The “prey of memory”

I have my coat on. Three bags on my shoulders. Note to Self: Don’t forget to stop at the Post Office for stamps. I reach for my keys, when something tells me to call my mother. I don’t want to call, but I now know that scream inside a whisper that won’t be ignored.

I pick up the phone and dial.

A strange voice I don’t recognize answers.

“Hello, I’m looking for Shaunna.”

“This is Shaunna.”

“Mom, it’s me. You don’t sound like yourself. I didn’t recognize your voice.”

“That’s because I’m not myself. Don’t hang up, Rachel. Don’t hang up!” she screams into the telephone.

“What’s the matter?”

“Everything’s the matter. Everything. They’re putting me downstairs.”

The dreaded downstairs. The Dementia unit.

“Who told you that?” I ask. I am never sure if she speaks the truth or if it’s her paranoia.

“That lady! That big lady. You know..oh what’s her name?”

“Carol?”

“Yes, Carol. And that other lady. G-something. They told me I have to go downstairs. Everyone is treating me different now. Nathan used to be my friend, but he is making fun of me now because of my fingers.”

She sounds like 5-year old child.

“What’s wrong with your fingers?” I ask, bracing myself for the response which I don’t get, because she starts screaming instead.

“I can’t see the table! I can’t see it. Oh, God what is happening to me?” she yells to no one in particular.

I sit there on my wooden chair in my coat silent. Because from where I sit on 196th and Broadway I can do nothing to help my mother facing Alzherimer’s at her assisted living home in central Jersey. I am met again by helplessness. I must instead  hold the space. Be silent. Bear it.

“Rachel, nobody wants me here. Antonia today told me I am too much maintenance.”

Antonia is one of the aides.

Of course, I know this. I’ve just picked my mom up from a week stay at a psychiatric hospital where doctors have tried different meds for her screaming and sobbing episodes and the perpetual panic she lives in. She can do nothing by herself. I must move her to a nursing home at 63. I’ve already started looking and calling. Have started filling out the applications.

“I have to go.” she tells me.

“Mom, listen to me. You are beautiful and brave and don’t pay anybody any attention to whoever makes fun of you.  You are perfect and you just need more help and I’m helping you get it. Do you hear me?” I ask her.

“I have to go!” she screams at me.

“Ok, Mom. I love you. I’ll call you tonight.”

“Wait, what are you doing?!” she screams again.

“I’m hanging up, Mom.”

“No! Why? Why are you hanging up on me? Can’t you stay on the phone with me for a bit longer?” my chid-mother pleads.

“Mother, you just told me you have to go.”

“I did?”

“Yes.. I love you. You are fine.”

I hear her call out to what to her must be an abyss, “Hello! Is anybody here? Can anybody help me find the table? Where am I?”

Then my phone goes to dial tone.

I continue to sit.

I feel the same bulldozer knock me to the ground.

I pray for her peace and when I finish praying I leave my apartment and walk to the A train. From time to time I open my eyes which drift over the other faces. I wonder silently how many others carry the pain that nobody will ever see.

Rilke is in my purse. I pull him out when I get to the coffee shop I write at because on mornings like this, only the sad, wise, dead poets can comfort me. I open randomly to a page:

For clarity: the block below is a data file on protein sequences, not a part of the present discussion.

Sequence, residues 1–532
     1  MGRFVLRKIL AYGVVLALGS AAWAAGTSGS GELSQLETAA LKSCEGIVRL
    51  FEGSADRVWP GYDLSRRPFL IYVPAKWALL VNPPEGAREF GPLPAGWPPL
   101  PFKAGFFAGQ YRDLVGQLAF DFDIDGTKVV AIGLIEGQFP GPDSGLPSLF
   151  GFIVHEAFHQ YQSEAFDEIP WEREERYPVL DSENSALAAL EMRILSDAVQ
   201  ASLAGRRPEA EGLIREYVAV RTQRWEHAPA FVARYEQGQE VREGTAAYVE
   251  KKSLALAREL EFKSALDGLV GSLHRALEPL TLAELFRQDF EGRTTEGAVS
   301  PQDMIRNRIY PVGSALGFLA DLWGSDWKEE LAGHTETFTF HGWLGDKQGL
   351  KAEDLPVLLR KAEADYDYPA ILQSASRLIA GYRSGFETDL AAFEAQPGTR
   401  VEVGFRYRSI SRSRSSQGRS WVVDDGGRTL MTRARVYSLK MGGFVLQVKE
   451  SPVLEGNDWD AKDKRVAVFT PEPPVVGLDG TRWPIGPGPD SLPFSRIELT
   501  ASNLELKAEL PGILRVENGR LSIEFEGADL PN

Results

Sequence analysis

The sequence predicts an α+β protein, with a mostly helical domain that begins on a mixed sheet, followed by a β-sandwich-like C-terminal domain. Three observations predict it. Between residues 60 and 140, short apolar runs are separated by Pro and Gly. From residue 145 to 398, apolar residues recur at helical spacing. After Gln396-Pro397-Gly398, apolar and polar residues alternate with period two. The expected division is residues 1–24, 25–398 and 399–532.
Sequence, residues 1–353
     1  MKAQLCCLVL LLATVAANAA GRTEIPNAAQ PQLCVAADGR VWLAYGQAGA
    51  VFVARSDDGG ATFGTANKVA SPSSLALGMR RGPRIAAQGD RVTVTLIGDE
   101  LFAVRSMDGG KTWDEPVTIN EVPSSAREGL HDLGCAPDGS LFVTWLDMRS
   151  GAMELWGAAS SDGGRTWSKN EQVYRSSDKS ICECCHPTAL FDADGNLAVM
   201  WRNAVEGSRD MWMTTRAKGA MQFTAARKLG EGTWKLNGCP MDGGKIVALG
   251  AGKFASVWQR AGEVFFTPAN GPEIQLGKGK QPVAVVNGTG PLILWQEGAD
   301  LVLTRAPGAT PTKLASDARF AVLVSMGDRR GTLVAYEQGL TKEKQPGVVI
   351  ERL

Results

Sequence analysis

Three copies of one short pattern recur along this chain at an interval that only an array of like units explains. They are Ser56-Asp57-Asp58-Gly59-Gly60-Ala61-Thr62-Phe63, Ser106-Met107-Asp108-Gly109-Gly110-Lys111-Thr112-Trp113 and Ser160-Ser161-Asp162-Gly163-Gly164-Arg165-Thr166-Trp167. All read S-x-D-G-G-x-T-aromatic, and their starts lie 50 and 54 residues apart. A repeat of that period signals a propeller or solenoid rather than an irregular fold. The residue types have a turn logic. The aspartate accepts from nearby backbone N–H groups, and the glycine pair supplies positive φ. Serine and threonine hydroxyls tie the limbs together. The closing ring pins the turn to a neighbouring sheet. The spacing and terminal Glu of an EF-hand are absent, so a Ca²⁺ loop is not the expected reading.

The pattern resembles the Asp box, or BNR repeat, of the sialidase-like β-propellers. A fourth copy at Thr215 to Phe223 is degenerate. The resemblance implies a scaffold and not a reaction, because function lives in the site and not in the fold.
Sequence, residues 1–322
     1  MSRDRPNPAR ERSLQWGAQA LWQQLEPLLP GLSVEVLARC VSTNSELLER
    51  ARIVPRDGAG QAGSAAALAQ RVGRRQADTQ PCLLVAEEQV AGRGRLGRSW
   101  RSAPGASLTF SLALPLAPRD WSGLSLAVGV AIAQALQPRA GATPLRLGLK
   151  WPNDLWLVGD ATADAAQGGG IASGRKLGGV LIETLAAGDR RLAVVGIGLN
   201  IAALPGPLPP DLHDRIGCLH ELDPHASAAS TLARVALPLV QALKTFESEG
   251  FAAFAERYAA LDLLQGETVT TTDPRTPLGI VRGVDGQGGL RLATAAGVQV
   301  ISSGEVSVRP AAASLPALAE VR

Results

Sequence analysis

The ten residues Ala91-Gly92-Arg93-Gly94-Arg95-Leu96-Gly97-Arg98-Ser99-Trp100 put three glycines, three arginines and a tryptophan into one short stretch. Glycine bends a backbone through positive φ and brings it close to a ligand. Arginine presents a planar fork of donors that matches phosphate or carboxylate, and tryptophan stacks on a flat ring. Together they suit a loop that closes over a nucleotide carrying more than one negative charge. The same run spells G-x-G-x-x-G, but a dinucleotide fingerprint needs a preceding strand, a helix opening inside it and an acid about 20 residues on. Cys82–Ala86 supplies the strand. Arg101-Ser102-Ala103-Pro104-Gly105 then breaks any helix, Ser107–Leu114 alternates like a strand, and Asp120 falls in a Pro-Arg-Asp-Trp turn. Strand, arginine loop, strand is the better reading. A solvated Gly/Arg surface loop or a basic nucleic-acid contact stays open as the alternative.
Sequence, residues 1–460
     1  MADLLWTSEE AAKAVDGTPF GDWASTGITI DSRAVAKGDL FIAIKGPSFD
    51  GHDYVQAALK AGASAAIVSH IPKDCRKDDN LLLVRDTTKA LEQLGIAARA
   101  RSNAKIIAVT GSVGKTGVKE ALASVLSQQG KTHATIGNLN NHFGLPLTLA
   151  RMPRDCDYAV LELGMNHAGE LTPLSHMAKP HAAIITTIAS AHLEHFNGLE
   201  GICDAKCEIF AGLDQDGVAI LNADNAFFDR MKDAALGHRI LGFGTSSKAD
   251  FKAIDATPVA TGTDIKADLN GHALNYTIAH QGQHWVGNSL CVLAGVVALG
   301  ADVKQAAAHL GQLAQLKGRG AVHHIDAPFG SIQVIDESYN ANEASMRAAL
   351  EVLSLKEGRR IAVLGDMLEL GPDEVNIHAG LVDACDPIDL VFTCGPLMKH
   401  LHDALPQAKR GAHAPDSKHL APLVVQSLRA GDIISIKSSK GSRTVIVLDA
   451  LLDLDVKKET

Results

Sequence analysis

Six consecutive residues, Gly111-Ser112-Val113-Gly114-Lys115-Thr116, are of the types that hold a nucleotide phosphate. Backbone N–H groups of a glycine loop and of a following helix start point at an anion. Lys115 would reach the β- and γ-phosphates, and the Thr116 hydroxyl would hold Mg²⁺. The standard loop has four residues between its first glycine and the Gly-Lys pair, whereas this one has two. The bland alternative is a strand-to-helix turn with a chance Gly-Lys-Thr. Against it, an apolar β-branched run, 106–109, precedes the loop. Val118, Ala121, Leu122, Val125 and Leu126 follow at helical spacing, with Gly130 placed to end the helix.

“Yet, watchful and warmblooded as they are, those animals know all the weight, the sadness, of a heavy heart. For, just like us, they are the prey of memory…as if all we strive for now had, once upon a time, been closer and more intimately ours: more faithful to us. As if all things now abandoned us-which once lived close as breath. To any who have known a better World, our own feels windswept and ambivalent.”

Rilke speaks of what I don’t want to admit. That it’s my mother’s memory that is causing her anxiety. The memory of when she could write a sentence. Stand up by herself. Teach a classroom of college freshman. Reading him, I’m reminded the monstrosity of her panic will diminish when she can no longer remember anything. That in some ways, this will be a gift. And that she will love me, no matter that she doesn’t know me some day because we love not from our neurons but from the deepest places memory cannot touch.

Rilke closes his Eighth Elegy with,

“All overwhelms us. We set all in order, All falls apart. We order it once more and fall, collapse, disintegrate ourselves. How were we first persuaded to perform our every act as though it were our last? As one might halt upon the last high ground, which shows him his own valley one last time, and turn; and linger; and hang back..so we dwell here, forever taking leave.”

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3 Responses to “The “prey of memory””


  1. 1 Moira February 12, 2013 at 12:31 am

    I am speechless. Love to you, Rachel

  2. 2 Gita Baack February 12, 2013 at 4:19 am

    So familiar – harrowing. I was furious when my mother was moved down one floor to the lock up, altzheimer’s ward after THEY withdrew a medication suddenly, did not chart it, and I had to figure out that was the likely reason for her erratic behaviour. They said she would eventually end up there and gave her a private room at a semi-private cost which they agreed wd be a permanent arrangement. I gave in. If it is any consolation, pleasant dementia did set in and she never forgot me. She didn’t remember where she was or what she ate but she lit up when I came. Our love just grew and grew and I miss her terribly.

  3. 3 lauraboling February 14, 2013 at 4:32 am

    Rachel, I too am strangely comforted by Rilke’s words (as I have often found solace in them) — they are at once tender and soulful, harsh yet impossibly practical. Peace be with you. Peace be with your mom :)


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